out aspects of the event, feelings, sensations, even knowledge that ithappened from awareness. While helpful during the event, dissociation canbecome a pattern of responding, where even minor reminders—whether thechild knows or doesn’t know what they remind her of—cause the child todissociate, resulting in disruptions to the child’s normal abilities. Thesedisruptions can result in difficulties in many every-day situations, including theclassroom and other school-hours interactions.Dissociation has been documented to follow a variety of childhood traumas.
Interpersonal Trauma :a.Abuse: physical, sexual, emotionalb.Neglect
Medical trauma :Repeated painful medical procedures due to: cancer, burns, accidents,congenital malformations (e.g. cleft-palate, cerebral-palsy), etc.
Environmental trauma :a.Domestic violenceb.Gang violence on streets and in housing complexesc.Povertyd.Immigration (especially when child’s family are refugees who wereexposed to trauma in native country)e.Natural disaster (especially being in or witnessing)
Separation, loss, and attachment trauma :a.Parental mental illness: mentally ill parents may be less able to care for the child, and their responses may be chaotic or frightening; the childmay end up in a care-taking position and have no one to go to for managing her own overwhelm.b.Foster placements (especially multiple placements, where the child isrepeatedly experiencing loss and unknown future).c.Family chaos: multiple family configurations that keep shifting,homelessness, frequent moving from one house to the next (whichmeans the child needs to keep adjusting to new surroundings as wellas at times new schools).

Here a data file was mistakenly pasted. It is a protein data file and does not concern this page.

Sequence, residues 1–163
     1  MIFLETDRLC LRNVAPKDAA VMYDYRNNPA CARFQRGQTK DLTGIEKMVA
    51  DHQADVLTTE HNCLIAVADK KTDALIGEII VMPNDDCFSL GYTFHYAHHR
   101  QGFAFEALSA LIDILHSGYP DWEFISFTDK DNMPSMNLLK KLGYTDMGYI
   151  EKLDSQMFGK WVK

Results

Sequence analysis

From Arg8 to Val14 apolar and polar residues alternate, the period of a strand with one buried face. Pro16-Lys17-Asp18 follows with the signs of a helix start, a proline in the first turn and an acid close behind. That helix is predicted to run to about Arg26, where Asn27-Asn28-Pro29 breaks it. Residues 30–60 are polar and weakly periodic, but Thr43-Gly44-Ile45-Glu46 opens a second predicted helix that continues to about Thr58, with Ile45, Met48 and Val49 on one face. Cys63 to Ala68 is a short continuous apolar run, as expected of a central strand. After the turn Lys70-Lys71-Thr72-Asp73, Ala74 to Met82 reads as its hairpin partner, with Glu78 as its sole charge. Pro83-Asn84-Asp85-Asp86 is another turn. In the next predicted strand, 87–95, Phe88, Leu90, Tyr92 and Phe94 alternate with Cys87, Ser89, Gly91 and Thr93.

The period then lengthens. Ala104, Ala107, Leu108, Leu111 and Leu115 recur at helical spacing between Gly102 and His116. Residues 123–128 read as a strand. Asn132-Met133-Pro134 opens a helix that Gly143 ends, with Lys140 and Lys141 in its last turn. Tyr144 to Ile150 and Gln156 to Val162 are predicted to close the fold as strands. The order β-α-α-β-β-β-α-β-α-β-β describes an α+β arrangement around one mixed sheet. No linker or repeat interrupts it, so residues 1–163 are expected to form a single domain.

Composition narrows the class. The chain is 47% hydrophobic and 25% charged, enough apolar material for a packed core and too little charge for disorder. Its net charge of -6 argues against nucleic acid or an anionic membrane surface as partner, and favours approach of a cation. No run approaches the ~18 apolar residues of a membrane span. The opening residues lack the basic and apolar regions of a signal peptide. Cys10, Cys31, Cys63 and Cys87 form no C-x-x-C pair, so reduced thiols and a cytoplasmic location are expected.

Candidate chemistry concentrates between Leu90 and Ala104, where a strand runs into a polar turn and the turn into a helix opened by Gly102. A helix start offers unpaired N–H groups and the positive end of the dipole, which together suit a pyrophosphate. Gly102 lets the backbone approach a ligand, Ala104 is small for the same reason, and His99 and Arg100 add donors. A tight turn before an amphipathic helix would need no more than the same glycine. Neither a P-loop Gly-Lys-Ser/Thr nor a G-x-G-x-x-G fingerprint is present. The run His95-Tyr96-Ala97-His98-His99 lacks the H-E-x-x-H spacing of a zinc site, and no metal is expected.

3.What can make dissociation in the classroom worse?
When a child’s behavior (or what may seem like misbehavior) in the classroomstems from a dissociative response, confronting the child while she isexperiencing dissociation is usually counterproductive and can lead to further increase in dissociation. For example, if a child dissociated because a loudvoice scared her, raising a voice at her to try and ‘get through’ can serve toscare her even more.Restraining or grabbing the child can similarly exacerbate the child’s need todissociate and in some may result in acute escalation of aggression or withdrawal.Similarly, judging the child as a whole (rather than a particular behavior) as“bad”, “lazy”, “manipulative”, “mean” and so forth, only serves to deepen the